Papers And Originals

Immune Complexes in Cystic Fibrosis

Br Med J 1975; 1 doi: (Published 22 February 1975) Cite this as: Br Med J 1975;1:423

This article has a correction. Please see:

  1. H. McFarlane,
  2. A. Holzel,
  3. P. Brenchley,
  4. J. D. Allan,
  5. J. C. Wallwork,
  6. B. E. Singer,
  7. B. Worsley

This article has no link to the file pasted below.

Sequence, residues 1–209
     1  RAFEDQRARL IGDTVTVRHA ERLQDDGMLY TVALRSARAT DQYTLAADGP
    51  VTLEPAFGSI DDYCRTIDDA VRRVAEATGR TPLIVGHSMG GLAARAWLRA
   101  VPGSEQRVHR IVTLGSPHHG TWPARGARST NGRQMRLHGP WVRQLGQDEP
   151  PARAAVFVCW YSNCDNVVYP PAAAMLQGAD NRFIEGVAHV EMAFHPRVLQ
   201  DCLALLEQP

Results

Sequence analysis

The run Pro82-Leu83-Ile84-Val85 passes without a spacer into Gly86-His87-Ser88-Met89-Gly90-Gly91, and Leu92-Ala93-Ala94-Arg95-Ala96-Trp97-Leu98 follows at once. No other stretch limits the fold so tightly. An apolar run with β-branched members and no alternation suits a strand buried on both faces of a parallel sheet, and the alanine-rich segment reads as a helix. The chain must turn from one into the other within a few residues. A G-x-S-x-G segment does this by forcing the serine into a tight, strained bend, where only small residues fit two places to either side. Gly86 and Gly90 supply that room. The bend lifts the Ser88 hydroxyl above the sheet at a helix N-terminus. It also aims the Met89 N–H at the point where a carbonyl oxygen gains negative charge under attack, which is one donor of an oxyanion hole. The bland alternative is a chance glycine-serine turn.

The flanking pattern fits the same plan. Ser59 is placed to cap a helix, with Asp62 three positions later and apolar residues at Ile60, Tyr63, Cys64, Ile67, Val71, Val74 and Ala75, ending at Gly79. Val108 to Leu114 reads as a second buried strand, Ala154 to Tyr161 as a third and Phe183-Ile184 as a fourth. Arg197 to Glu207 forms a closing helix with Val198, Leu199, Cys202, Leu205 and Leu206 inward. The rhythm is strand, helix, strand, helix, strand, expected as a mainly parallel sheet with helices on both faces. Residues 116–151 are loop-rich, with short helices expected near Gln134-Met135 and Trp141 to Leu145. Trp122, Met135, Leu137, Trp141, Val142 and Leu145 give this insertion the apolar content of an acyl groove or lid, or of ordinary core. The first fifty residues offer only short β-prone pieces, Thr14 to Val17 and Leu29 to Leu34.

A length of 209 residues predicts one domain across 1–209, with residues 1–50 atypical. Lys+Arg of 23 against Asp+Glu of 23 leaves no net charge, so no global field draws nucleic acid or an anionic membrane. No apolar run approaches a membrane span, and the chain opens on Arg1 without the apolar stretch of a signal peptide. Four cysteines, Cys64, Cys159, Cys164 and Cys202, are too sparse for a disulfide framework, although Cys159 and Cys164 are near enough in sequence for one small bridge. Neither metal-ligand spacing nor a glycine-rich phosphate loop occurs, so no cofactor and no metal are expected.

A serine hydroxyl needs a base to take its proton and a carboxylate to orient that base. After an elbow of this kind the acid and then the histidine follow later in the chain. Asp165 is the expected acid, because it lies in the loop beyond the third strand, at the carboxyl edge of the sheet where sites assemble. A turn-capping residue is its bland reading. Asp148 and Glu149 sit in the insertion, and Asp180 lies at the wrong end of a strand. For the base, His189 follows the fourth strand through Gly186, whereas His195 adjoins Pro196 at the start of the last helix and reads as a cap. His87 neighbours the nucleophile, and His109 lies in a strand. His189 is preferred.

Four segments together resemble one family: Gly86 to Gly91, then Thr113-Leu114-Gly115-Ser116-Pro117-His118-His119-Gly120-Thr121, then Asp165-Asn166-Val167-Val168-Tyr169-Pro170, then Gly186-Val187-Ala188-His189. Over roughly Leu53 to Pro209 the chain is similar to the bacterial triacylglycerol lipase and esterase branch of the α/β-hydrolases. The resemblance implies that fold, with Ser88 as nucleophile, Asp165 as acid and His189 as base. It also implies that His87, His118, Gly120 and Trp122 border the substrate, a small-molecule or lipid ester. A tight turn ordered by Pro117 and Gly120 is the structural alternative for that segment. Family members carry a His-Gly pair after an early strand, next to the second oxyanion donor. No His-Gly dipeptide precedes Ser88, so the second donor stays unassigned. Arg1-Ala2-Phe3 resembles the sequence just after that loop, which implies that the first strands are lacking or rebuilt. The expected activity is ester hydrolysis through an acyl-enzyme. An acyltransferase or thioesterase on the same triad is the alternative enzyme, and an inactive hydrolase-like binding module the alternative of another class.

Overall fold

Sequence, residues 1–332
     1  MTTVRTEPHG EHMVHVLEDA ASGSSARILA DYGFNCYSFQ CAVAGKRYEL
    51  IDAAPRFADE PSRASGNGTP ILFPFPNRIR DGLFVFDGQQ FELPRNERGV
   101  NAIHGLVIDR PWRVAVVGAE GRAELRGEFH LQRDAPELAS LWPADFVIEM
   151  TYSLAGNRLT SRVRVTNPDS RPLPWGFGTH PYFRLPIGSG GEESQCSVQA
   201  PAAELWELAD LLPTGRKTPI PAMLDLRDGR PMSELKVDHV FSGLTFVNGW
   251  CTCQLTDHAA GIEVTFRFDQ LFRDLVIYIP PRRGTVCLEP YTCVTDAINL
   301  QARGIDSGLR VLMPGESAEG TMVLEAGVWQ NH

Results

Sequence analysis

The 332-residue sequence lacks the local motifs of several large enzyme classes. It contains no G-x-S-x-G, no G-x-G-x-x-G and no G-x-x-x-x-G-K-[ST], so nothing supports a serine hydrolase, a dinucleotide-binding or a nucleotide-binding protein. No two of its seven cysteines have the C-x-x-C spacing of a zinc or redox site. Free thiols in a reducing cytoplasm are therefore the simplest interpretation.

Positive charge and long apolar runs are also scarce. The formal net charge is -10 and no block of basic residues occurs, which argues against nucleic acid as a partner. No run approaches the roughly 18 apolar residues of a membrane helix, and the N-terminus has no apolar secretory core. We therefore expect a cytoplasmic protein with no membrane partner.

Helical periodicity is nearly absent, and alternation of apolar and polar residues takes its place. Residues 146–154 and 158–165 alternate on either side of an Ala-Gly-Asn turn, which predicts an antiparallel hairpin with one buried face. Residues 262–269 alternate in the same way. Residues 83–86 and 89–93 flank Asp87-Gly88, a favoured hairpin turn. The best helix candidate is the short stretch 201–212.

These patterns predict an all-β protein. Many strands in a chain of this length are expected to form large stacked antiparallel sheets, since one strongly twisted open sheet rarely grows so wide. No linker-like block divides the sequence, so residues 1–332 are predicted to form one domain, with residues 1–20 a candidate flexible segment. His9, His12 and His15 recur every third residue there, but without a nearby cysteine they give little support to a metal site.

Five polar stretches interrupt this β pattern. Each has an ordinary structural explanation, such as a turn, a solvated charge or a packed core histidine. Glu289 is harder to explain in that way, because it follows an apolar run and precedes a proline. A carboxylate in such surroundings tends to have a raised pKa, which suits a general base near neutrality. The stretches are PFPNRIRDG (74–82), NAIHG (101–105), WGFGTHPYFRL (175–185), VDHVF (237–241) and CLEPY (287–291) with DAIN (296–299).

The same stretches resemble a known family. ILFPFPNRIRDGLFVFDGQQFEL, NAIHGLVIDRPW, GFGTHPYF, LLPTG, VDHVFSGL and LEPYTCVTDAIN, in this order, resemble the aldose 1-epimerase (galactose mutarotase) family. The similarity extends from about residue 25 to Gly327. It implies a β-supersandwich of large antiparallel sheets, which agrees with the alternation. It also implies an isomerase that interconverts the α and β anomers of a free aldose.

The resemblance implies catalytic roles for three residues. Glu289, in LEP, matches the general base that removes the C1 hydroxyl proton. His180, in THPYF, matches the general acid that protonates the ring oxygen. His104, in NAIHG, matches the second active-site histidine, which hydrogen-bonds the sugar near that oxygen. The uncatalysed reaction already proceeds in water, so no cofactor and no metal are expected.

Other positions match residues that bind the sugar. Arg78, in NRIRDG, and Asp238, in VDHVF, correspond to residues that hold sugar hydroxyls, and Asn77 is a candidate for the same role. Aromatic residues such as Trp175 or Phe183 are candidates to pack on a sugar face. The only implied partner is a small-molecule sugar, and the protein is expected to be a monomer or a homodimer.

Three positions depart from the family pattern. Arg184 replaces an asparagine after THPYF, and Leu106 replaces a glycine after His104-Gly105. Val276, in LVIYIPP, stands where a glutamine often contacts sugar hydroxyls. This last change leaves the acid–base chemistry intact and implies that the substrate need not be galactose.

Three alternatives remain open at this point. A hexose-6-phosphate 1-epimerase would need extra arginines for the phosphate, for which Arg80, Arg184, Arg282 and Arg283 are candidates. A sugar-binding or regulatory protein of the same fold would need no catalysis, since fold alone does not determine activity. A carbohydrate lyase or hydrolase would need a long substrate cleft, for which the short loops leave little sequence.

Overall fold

Circulating immune complexes were detected in serum and sputum of patients with cystic fibrosis (C.F.). There were extensive deposits of immunoglobulins and complement immune complexes in several of the C.F. organs, especially the respiratory and gastrointestinal tracts, but not in the kidneys. Significant concentrations of IgG and of complement complexes could be eluted from the lungs of the C.F. patients but not from those of controls. Studies involving immunoabsorption, autoradiography, and molecular sieving through Sephadex G-200 columns identified both bovine serum albumin and staphylococcal α-haemolysin as two of the antigens present in the immune complexes. The sedimentation constant of the immune complexes was about 8S to 11S. The clinical significance of these immune complexes and the wide variety of antibodies detected in C.F. patients are discussed.